Ed Paschke (June 22, 1939 - November 25, 2004) was an American painter whose strikingly colorful works exemplify the underside of American values, such as fame, violence, sex, and money. Paschke’s work additionally explores the archetypes and cliches of media identity, appropriating images of iconic figures—both real and fictional—such as Marilyn Monroe, George Washington, Mona Lisa, Michael Jordan, or Venus de Milo to confront social and cultural values.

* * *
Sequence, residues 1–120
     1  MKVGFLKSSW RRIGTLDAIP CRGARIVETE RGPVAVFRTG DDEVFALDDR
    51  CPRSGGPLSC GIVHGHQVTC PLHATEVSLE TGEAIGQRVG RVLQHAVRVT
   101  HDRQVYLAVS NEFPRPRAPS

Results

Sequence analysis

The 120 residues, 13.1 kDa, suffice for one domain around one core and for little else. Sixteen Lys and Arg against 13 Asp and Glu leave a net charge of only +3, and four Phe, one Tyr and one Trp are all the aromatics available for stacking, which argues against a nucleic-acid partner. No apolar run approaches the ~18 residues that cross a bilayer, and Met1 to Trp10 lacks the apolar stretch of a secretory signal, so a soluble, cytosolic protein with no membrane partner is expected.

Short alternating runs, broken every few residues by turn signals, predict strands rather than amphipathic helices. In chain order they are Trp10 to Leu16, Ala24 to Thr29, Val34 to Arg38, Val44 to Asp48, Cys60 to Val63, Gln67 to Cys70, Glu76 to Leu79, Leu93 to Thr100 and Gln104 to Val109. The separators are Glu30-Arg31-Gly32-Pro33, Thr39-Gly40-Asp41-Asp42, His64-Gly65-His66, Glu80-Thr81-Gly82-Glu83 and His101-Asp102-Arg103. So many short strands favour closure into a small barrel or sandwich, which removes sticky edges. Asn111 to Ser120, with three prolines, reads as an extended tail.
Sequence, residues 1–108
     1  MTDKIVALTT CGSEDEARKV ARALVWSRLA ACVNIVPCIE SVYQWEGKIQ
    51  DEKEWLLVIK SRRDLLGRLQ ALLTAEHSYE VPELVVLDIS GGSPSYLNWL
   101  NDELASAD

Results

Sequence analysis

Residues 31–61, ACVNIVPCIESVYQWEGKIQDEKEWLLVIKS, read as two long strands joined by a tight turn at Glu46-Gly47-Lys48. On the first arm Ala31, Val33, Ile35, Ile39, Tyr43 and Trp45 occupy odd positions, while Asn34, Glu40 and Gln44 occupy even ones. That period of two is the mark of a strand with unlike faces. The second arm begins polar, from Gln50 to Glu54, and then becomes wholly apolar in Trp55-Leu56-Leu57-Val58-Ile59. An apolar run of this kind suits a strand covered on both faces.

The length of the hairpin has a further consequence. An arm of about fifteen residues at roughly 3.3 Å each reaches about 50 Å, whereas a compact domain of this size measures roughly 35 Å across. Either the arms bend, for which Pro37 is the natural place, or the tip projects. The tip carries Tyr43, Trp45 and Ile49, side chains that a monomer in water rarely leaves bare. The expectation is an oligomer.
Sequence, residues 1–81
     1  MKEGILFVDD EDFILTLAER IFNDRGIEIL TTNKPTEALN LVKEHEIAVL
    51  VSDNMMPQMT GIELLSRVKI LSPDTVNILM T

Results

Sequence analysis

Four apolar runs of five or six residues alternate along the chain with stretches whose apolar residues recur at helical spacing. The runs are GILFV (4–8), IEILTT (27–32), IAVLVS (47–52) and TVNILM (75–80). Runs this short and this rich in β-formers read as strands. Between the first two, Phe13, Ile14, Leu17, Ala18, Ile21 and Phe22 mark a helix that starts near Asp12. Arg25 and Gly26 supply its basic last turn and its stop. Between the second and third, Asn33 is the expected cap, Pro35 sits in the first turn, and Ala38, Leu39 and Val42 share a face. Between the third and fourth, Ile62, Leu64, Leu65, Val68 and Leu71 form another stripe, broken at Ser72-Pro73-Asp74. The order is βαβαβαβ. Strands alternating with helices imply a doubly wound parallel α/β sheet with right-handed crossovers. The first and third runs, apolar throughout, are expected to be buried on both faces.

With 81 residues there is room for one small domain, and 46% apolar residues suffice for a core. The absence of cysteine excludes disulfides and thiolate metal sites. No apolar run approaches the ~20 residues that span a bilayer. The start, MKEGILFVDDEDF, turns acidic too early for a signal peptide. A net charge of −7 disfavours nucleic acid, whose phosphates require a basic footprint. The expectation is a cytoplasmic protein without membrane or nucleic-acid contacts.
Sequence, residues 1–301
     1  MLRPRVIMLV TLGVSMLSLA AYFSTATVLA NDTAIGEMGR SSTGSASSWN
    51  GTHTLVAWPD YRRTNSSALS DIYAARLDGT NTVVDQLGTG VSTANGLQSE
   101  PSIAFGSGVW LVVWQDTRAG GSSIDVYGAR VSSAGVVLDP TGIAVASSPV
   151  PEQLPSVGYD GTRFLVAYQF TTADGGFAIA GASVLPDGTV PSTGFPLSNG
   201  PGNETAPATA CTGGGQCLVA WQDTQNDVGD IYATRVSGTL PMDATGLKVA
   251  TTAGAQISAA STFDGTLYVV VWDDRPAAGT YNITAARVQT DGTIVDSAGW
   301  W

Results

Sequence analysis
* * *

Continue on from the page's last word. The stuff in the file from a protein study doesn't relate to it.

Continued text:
Born in Chicago, Illinois in 1939, Paschke received both his BFA and MFA from the School of the Art Institute of Chicago. Drafted into the United States Army in 1962, Paschke was sent to Fort Polk, Virginia to work in the Training Aids Department, where he created illustrations for publications, signs, targets, and manuals to explain weapons and procedures to incoming troops. It was through this experience that Paschke became an illustrator for Playboy magazine, specializing in colorful, sexually suggestive images that echoed his own artistic practice. In 1976 Pachke began to work as a professor at Northwestern University in Evanston, Illinois. He continued to live and work in Chicago until his death in 2004.